Our technology evolves at an unprecedented speed, enabling people to do more with less.
The hungry business community caught on to this and went to work turning crazy ideas into products and services, which in turn had the power to provide independent, financial stability for that business person. It doesn’t matter what popularized the idea of entrepreneurship, whether it was the 2008 recession, the lack of loyalty from employers, or the internet generations’ refusal to trade happiness and time for money, people are striving for that independence and financial stability more than ever before. In 2009, IndieGoGo caught on to this trend and gave entrepreneurs a way to crowd-fund their start-up company, effectively empowering the independent start-up culture.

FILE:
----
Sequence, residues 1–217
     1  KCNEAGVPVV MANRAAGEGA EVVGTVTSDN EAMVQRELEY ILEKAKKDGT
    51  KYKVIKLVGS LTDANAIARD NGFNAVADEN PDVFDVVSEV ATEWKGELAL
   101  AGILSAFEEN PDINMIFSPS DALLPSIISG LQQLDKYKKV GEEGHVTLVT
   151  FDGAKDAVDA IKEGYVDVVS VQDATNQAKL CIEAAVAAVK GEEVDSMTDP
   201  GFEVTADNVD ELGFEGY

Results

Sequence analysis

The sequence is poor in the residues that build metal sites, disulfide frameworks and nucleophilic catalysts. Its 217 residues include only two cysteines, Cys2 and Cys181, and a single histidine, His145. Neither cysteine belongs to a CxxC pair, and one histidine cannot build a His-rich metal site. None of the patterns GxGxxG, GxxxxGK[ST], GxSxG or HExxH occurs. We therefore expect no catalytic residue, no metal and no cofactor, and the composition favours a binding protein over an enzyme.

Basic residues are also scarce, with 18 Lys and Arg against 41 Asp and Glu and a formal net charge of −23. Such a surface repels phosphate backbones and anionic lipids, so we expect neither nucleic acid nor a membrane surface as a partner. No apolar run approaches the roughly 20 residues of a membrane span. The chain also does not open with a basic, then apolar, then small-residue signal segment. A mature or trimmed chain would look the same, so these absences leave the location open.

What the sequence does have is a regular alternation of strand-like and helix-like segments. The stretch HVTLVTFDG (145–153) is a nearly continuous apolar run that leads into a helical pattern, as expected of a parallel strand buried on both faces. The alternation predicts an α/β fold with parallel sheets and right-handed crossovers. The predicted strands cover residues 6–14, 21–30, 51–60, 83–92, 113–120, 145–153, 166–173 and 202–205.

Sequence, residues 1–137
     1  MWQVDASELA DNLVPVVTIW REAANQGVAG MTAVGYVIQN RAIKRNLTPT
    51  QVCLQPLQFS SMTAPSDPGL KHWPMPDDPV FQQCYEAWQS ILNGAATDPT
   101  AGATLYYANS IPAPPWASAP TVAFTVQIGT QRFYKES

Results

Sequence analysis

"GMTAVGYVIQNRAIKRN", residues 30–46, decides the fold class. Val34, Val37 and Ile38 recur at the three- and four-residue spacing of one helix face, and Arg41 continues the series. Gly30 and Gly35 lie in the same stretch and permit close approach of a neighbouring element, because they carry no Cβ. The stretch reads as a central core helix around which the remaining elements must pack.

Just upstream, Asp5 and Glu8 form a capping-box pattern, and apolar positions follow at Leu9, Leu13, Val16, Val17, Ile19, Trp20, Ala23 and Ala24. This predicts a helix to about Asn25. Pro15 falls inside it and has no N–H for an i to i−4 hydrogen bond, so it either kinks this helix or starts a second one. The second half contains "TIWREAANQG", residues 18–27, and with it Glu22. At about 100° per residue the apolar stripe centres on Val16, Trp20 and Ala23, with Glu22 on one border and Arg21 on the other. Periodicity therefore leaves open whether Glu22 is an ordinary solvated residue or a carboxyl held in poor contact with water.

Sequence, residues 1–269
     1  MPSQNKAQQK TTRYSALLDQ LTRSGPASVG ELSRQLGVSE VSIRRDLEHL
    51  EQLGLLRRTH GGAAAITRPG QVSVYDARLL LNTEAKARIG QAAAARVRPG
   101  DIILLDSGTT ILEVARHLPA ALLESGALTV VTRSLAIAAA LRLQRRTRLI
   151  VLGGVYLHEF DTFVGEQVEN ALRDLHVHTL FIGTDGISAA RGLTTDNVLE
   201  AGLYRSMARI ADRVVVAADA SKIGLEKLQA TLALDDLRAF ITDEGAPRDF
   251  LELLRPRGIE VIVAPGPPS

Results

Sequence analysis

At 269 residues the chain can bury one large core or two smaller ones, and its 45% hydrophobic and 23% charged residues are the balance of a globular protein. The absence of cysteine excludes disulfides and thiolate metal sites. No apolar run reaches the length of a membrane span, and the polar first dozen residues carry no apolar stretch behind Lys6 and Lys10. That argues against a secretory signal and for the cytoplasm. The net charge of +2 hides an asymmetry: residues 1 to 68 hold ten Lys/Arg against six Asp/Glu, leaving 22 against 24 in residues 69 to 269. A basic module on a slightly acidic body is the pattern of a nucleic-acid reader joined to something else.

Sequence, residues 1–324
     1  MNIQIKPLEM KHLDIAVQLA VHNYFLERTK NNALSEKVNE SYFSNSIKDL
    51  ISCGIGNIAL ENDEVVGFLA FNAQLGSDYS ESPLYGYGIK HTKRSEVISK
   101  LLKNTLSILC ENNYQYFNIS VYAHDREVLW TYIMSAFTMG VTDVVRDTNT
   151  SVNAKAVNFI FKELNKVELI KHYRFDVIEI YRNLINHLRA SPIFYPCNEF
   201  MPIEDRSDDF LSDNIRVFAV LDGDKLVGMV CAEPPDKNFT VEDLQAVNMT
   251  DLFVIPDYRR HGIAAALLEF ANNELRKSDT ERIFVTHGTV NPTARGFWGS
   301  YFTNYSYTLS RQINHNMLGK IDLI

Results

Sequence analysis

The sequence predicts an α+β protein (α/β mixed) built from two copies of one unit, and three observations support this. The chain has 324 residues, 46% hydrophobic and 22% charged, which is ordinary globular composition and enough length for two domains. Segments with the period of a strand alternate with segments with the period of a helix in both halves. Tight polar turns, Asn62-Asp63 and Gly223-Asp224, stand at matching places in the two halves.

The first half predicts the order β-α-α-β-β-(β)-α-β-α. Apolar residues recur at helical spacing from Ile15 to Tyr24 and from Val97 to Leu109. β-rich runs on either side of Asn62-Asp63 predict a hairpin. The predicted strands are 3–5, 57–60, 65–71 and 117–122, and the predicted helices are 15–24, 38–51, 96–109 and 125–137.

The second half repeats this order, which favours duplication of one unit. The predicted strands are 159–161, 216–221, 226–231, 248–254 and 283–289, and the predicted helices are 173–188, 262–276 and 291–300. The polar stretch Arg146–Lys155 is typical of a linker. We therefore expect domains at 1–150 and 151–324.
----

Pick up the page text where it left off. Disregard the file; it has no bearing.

Entrepreneurs in the start-up company realm no longer need bank loans or angel investments to get started.
You’re probably not that excited to look at your artwork from an entrepreneurial standpoint, but that’s exactly what you need to do if you want to successfully make a living from your work as an artist.
It’s about organization.
It’s about drive.
If you’re serious about making a living from your creative work, then you need to organize how you operate. The best way to do that is to take a more entrepreneurial approach to your business as an artist, including how you present your products, offer services, attract a following and interact with customers.
It doesn’t take much to get started, and you can do it at no cost in most cases.
I’ll be exploring this idea extensively here at CreativeBlogger, as I think it’s something a lot of artists are missing.
Here’s a look at a few things I’ll be writing about:
- Discovering what products / services you have to offer
- The presentation of your gallery or portfolio of work
- Building your brand as an artist
- Content marketing
- Making sales
If interested in tagging along, subscribe to the CreativeBlogger mailing list.